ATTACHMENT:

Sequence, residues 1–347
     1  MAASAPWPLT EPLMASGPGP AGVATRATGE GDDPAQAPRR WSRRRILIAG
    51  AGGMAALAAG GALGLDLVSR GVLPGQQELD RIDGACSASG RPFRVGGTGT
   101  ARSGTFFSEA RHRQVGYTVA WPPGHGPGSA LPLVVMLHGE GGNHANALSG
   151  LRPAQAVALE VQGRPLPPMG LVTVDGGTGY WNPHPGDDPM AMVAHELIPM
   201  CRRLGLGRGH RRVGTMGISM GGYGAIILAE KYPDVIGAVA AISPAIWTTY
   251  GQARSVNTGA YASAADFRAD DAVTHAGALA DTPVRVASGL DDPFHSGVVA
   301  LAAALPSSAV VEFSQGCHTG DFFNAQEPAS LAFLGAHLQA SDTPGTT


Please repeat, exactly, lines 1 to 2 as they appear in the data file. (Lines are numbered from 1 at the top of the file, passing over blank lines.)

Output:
Sequence, residues 1–347
     1  MAASAPWPLT EPLMASGPGP AGVATRATGE GDDPAQAPRR WSRRRILIAG